|Side effects in expressions firstname.lastname@example.org (Tzvetan Mikov) (1999-08-18)|
|Re: Side effects in expressions email@example.com (1999-08-18)|
|Re: Side effects in expressions firstname.lastname@example.org (1999-08-21)|
|From:||email@example.com (John McEnerney)|
|Date:||18 Aug 1999 11:29:20 -0400|
"Tzvetan Mikov" <firstname.lastname@example.org> wrote:
> So, this expression is calculated correctly and we can even easily apply a
> very simple common sub-expression elimination. What happens however if we
> have sub-expressions with side effects? Examine this C code:
> int * p = ...;
> x = *(p = p + 1) + *(p = p + 1);
This is probably not a good example, as the behavior of this
expression is undefined (in ANSI C) because the compiler is free to
evaluate the assignments to 'p' anywhere between the previous ';' and
the subsequent one.
But I think that the usual understanding is that during translation
from abstract syntax trees to IL, side-effecting expressions are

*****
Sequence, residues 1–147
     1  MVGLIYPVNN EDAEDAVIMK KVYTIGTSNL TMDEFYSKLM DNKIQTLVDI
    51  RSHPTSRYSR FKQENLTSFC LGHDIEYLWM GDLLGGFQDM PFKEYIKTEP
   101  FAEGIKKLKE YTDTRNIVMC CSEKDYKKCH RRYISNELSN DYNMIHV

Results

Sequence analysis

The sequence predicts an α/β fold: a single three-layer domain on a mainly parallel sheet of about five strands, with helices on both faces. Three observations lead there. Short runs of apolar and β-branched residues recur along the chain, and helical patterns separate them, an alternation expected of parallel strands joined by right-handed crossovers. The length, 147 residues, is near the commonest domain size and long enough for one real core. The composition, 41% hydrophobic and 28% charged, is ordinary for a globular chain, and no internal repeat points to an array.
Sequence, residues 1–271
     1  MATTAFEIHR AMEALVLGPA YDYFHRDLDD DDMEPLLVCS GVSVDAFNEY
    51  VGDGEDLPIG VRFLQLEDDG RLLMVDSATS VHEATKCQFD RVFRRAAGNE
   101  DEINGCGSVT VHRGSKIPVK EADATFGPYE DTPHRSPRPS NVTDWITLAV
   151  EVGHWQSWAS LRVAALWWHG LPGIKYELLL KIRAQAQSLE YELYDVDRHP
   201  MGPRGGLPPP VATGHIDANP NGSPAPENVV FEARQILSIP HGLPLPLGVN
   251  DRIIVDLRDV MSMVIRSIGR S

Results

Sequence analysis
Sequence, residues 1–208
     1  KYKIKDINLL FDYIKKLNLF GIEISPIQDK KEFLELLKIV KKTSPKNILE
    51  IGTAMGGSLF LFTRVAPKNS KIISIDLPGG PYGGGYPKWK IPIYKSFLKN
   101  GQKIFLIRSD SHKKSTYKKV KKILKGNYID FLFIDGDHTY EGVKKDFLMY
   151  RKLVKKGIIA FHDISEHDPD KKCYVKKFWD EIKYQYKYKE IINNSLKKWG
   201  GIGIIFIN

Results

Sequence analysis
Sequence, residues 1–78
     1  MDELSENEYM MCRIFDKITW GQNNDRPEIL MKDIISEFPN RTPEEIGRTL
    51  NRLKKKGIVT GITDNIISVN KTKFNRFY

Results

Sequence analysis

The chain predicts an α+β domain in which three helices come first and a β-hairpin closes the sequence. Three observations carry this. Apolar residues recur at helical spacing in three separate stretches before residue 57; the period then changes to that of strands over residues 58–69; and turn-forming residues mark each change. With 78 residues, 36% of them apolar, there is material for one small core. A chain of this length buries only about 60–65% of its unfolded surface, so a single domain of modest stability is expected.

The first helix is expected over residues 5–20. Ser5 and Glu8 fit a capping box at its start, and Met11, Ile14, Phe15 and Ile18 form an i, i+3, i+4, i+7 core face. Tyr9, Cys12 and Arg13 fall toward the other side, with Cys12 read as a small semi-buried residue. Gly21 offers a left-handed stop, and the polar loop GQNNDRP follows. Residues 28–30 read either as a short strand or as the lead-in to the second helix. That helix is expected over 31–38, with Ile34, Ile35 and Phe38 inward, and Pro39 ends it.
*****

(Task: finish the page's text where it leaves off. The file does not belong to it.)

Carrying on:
hoisted as if they were independent statements. This is also true of
flow-of-control operators like && and || and ?:.
So all side-effects occur as the "root" of the expressions that
contain them. I suspect that the return values of function calls are
assigned to "variable" temporaries rather than expression temporaries.
I like the Morgan book a lot, but although it seems to be a modern
version of "The Design of an Optimizing Compiler", the difference is
that Wulf et al were describing a compiler that actually
existed. Morgan is describing a proposed design, some parts of which
are taken from compilers that exist, and some of which haven't been
implemented in the proposed form. Still, he's very complete.
John McEnerney (email@example.com)
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